Or, it could peak at Category 1 or 2 status, sparing the coastline a more devastating impact, but still posing a risk of storm surge flooding, wind damage and heavy rains.
It’s a high-stakes forecast with implications for millions in the midst of a pandemic, which makes evacuation decisions even more fraught.
Currently, the National Hurricane Center is forecasting that Laura will make landfall near the Texas-Louisiana border as a high-end Category 2 storm, but the agency is closely eyeing data that favors a more bullish stance about the storm’s potential.
“There is an increasing risk of dangerous storm surge, wind, and rainfall impacts from the upper Texas coast through the north-central Gulf Coast beginning on Wednesday,” forecasters wrote.
Voluntary evacuations have already been issued for Galveston, Tex., while oil and gas companies are working to shut down operations at refineries and drilling platforms vulnerable to hurricanes.
What is rapid intensification?
Rapid intensification occurs when a tropical storm or hurricane’s maximum sustained winds increase by 35 mph or more in 24 hours. Often, the jump can be even more dramatic than that, and typically, storms that reach Category 3 intensity or greater undergo a period of rapid intensification. But this phenomenon has become more pronounced in recent years, having been observed in these prominent recent examples:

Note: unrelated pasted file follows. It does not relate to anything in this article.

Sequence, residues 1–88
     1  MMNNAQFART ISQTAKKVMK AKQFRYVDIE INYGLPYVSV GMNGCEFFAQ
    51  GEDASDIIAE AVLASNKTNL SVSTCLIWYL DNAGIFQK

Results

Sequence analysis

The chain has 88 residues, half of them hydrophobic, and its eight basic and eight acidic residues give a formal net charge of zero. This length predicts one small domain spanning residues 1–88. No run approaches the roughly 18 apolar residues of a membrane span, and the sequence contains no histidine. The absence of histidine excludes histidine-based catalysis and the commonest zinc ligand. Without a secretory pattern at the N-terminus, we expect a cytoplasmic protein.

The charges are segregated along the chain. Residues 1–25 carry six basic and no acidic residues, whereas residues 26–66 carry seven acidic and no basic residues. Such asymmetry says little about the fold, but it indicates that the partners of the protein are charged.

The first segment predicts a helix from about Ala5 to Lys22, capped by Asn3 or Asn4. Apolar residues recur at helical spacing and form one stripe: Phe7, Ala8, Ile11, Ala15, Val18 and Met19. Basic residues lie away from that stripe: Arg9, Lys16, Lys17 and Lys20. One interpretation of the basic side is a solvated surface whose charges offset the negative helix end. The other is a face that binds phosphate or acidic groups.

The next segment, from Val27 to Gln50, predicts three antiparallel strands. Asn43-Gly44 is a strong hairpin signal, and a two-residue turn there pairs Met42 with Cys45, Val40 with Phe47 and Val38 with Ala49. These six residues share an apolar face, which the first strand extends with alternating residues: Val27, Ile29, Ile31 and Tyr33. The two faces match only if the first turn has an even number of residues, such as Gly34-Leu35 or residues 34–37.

- Typhoon Hagibis in the West Pacific exploded from a tropical storm into a Category 5 hurricane in 18 hours last October.
- Hurricane Dorian in 2019.
- Hurricane Maria in 2017, which saw its peak winds increase by 70 mph in 18 hours, a rate of intensification only exceeded by Hurricanes Wilma (2005), Felix (2007) and Ike (2008).
- Hurricane Matthew in 2016, which saw its intensity increase at the third-fastest rate on record in the North Atlantic Ocean.
- Hurricane Michael in 2018, which intensified into a Category 5 storm as it made landfall in the Florida Panhandle.
There is a chance that Tropical Storm Laura will rapidly intensify over the Gulf of Mexico on Tuesday and Wednesday, taking advantage of extremely high water temperatures and weak upper-level winds.
A volatile setting for hurricanes
Hurricanes feed off high sea-surface temperatures. Water temperatures in the Gulf of Mexico are well above average, approaching 90 degrees in some cases. That’s plenty warm enough to help a serious hurricane blossom but only if other conditions are met.
Among those other requirements? Little to no wind shear. Wind shear, or a change of wind speed and/or direction with height, can be disruptive to tropical systems by disturbing their vertical structure.
Tropical Storm Laura was combating some northerly mid-level wind shear on Monday that is forecast to persist into early Tuesday, which could hold its intensity in check. But then the shear is predicted to ebb.
In addition, clockwise-spinning high pressure over the Gulf of Mexico in the upper atmosphere may help Laura to evacuate its spent air at high altitudes away from the storm, thereby allowing the storm to ingest more air near the surface and become increasingly powerful.
A challenging forecast
There are plenty of things working in Laura’s favor, but it will take only a small inhibiting factor to prevent the storm from tapping into its overly ripe environment. Very few storms ever reach their maximum potential intensity.